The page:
A renewed interest and growth in Harlem has seen no bounds. From park to park and from 110th Street heading north, new housing, shops and restaurants are springing up faster than can be announced. Bringing it all together is a new festival Harlem EatUp which will take place from May 14-17, celebrating the food, culture and spirit of Harlem all wrapped up in a festive four-day event.
Photo by Hiram Maristany, from Anchor
On display at the Hunter College Art Galleries in East Harlem are over fifty years of photographs of the El Barrio neighborhood by resident and photographer Hiram Maristany. The exhibit, located within Silberman School of Social Work, depicts the everyday life Maristany observed while growing up with eight siblings on East 111th Street. His chance encounter with the Magnum photographer Robert Henriques opened the door to his love of photography and Henriques, seeing that spark of creativity in this young boy, gave him his first camera – a Leica IIIg.
At the second annual Designer Showhouse for Sotheby’s, in anticipation of their auction scheduled for April 20th, thirteen design firms each decorated a room in the auction house’s Manhattan headquarters, transforming what are normally glass atriums and galleries into the feel of a cozy, eclectic, upscale house. There are approximately 300 objects in all, ranging from American paintings, silver, photography, furniture and carpets. Above is the spectacular entrance to this year’s showhouse, which is held on the fifth floor.
Soft Spin, a sculptural & sound installation by Heather Nicol in the Winter Garden Atrium
The Winter Garden Atrium has always been one of our favorite indoor public spaces. It was designed by architect Cesar Pelli in 1985 and completed in 1988, bearing the name World Financial Center. Severely damaged during the September 11th attacks in 2001, the reconstruction required 2,000 panes of glass and 60,000 square feet of marble flooring and stairs. The ten story pavilion located on Vesey Street is now part of the Brookfield Place office complex.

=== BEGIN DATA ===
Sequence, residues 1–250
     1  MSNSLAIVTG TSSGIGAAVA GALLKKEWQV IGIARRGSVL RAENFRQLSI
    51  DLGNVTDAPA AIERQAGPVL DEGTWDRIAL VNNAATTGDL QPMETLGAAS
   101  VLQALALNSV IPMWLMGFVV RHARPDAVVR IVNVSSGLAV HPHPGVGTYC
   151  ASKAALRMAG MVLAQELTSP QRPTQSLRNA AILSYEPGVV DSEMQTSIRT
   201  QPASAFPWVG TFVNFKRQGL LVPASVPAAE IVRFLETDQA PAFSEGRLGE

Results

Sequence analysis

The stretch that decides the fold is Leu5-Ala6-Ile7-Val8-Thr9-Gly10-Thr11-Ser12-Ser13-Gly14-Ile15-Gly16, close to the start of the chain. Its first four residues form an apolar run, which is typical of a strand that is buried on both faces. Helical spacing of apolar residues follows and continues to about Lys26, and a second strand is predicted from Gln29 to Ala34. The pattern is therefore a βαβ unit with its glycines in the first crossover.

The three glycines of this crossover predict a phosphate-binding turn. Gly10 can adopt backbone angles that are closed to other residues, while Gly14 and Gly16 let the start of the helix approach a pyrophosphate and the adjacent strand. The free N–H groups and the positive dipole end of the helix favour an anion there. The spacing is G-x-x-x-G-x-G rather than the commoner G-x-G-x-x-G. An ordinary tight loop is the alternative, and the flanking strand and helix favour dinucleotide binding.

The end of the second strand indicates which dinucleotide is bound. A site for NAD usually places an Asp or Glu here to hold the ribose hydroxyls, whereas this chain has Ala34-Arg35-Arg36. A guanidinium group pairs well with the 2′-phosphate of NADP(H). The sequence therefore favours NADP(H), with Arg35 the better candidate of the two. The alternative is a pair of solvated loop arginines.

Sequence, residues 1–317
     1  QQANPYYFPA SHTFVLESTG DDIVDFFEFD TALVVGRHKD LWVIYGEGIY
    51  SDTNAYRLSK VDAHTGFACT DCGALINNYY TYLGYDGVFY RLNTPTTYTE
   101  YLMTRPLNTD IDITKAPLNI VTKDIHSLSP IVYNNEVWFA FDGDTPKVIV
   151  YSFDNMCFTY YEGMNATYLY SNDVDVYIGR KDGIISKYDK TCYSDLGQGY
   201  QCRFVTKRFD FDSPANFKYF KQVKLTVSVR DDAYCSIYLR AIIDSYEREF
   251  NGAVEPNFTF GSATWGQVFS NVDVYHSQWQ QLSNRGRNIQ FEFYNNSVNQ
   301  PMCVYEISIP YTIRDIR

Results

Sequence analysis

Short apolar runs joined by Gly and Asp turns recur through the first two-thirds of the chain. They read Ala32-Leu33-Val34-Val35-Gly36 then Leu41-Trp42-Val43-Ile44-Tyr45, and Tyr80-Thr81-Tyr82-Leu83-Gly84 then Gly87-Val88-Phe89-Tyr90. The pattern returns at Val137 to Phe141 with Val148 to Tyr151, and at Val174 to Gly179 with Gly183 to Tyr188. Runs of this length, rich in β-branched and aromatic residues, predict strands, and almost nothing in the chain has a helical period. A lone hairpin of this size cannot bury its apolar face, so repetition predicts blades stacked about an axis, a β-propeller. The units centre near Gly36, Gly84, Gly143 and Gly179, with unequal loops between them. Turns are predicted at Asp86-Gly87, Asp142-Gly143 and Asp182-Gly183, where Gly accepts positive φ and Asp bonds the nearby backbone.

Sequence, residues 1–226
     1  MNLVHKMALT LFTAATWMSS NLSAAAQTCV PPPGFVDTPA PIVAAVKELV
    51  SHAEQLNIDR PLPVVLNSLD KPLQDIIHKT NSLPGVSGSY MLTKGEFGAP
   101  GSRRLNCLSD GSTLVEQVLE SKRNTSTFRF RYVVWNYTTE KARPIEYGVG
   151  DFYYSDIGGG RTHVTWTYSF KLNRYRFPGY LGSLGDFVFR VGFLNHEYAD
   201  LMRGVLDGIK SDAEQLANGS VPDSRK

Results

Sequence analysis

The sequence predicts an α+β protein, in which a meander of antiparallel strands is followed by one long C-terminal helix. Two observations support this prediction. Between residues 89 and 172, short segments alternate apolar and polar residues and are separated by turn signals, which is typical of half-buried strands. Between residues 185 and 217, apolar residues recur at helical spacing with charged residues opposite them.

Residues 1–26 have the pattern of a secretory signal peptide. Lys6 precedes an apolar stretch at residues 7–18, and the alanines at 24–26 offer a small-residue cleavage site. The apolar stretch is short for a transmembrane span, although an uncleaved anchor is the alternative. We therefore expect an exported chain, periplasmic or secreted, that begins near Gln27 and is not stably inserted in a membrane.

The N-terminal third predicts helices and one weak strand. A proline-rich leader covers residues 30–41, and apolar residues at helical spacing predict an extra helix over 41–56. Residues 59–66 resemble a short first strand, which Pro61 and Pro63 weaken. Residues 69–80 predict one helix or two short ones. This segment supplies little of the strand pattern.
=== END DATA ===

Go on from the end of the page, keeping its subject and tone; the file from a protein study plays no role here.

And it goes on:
Often activated with art programmed by Arts Brookfield, the latest is the current exhibit Soft Spin, a sculptural and sound installation by Heather Nicol. Designed to conjur up the feel of swirling skirts, six colorful sculptures are suspended from the ceiling.
New York creativity springs to life during the annual Easter Parade down Fifth Avenue. The street, which is only open to walking traffic between 49th Street to 57th Street, becomes a colorful sea of hats in every shape and size, from vintage to down-right playful. This year we bumped into many familiar faces, and some new kids on the Avenue, that were probably in strollers last year. Here are a few of our favorites this year.
The Public Art Fund‘s new exhibit, Desire Lines by artist TatianaTrouvé sits in the shadow of the Plaza Hotel in the Doris C. Freedman Plaza on Fifth Avenue and 60th Street, a location that previously featured an idealized ruin and six towering blue clouds, forming a nice conversation with the gold leaf General Sherman Statue across the way.